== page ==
If anyone has Baseball Fever, it's today's generation of rock stars.
Joan Jett sends mash notes to the boys in the Baltimore Orioles bullpen. Bob Seger is a habitue of Tiger Stadium. Huey Lewis & the News adore the Oakland A's so much they stop in to sing the national anthem. For years, George Thorogood refused to tour during baseball season so he could play semipro ball. And of course, John Fogerty's such a die-hard fan that he titled his 1985 comeback album "Centerfield."
With the championship series starting Tuesday, we turned to a performer with Serious Fan credentials--rap star M.C. Hammer, who is surely the only pop idol who can boast to having been a member of the front office of a major-league baseball team. Discovered in 1972 by ex-Oakland A's owner Charles Finley while doing a dance routine in the ballpark parking lot, the teen-ager was awarded a prestigious--if largely honorary--title of A's executive vice president.
"In a lot of ways I was Charlie's right-hand man," says Hammer, who got his stage name from A's ballplayers for his striking resemblance to (Hammering) Hank Aaron. "I was just a kid, doing my James Brown impression--the splits and everything--when Charlie took me up to his private box and put me to work.
"I was a batboy when the team went on the road. I ran errands for everybody. And when Charlie was back in Chicago, where he lived, I'd broadcast the A's games to him from Oakland, doing the play-by-play myself."
Hammer became friends with many A's greats like Vida Blue and Joe Rudi. And it's no surprise that he earned a nickname (originally Little Hammer) hanging around players with such colorful monikers as Catfish Hunter and Blue Moon Odom. A good schoolboy athlete, Hammer tried out for the San Francisco Giants in 1982, but couldn't win a spot in their farm system.
After attending East Los Angeles College, he turned to his other love: rap music. His Oakland sports connections paid off. A pair of A's players, Mike Davis and Dwayne Murphy, helped Hammer start his own label, where he had enough success to be picked up by Capitol Records, his current home. Having seen the inner workings of both professional athletics and the music industry, the rapper has spotted a lot of similarities.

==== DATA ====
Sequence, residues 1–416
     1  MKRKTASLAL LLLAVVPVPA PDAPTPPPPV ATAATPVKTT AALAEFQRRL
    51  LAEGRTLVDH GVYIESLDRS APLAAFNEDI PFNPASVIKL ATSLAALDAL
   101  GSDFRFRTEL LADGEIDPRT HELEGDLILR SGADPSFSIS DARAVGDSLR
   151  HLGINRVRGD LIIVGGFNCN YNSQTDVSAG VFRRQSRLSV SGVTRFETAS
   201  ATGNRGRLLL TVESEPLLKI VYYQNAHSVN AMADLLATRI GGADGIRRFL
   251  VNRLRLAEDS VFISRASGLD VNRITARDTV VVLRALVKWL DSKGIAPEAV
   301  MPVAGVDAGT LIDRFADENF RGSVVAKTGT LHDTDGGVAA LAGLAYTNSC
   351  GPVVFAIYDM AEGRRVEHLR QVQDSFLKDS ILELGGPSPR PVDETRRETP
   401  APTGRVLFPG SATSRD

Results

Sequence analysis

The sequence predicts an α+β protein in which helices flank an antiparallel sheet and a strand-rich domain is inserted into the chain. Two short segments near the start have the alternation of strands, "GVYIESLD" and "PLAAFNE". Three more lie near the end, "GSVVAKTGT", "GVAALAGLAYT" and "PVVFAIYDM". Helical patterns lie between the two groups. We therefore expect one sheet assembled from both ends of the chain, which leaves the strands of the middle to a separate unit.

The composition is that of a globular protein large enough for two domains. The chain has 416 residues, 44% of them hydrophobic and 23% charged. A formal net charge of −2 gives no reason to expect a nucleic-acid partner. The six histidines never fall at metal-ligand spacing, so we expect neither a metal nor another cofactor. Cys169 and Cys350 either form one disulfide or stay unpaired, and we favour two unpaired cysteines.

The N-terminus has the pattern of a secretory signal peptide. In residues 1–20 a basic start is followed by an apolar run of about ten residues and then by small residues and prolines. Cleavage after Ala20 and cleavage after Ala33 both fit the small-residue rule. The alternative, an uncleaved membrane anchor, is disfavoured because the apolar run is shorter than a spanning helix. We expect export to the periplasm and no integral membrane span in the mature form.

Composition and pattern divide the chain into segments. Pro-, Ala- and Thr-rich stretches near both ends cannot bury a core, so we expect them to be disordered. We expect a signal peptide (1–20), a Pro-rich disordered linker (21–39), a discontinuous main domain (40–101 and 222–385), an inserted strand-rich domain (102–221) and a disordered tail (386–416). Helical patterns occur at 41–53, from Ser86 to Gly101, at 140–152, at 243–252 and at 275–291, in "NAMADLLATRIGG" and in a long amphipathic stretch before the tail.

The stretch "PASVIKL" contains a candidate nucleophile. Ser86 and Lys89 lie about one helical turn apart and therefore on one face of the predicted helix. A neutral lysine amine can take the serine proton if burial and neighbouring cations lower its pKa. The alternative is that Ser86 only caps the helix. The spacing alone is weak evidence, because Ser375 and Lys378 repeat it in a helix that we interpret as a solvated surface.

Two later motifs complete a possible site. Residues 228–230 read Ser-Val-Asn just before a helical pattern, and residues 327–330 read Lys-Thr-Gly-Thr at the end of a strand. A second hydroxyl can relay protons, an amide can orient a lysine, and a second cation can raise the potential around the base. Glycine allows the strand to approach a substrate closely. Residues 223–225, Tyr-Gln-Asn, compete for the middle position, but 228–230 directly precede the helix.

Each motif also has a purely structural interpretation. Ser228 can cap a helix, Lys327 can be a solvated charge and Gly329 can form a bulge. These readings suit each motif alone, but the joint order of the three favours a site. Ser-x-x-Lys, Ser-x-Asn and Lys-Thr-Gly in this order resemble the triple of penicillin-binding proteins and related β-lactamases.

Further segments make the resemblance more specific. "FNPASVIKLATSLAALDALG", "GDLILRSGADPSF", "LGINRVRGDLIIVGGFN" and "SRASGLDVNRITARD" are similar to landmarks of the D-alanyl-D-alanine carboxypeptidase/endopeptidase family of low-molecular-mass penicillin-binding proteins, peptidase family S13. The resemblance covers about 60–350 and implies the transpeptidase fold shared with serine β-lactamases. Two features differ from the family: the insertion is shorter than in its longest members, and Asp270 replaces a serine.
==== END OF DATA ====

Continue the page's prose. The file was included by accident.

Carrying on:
"Every kid wants to grow up to be a star athlete," says Hammer. "But you can have a lot longer career, with a lot less wear and tear on your body, as a musician. You're also a lot more recognizable. I'm on 'MTV Raps' six days a week. Consequently, when I go into an airport, kids recognize me right away. Unless you're a superstar like Darryl Strawberry--or unless you're 7-feet tall--that doesn't happen to most athletes."
Hammer remains a loyal A's fan. But when Pop Eye asked if he was ready to break the last hip-hop barrier--to perform a rap version of the national anthem--he sounded a cautious note. "It can be done--I know, 'cause I could do it," he said, doing an impromptu boom-box recital of the song's first verse. "But it's very risky. You'd really have to swing the beat, and America could really resist you on that. I could see being a little shaky out there."
Hammer laughed. "You know how baseball fans like to boo. And the booers could really be booing me on that one!"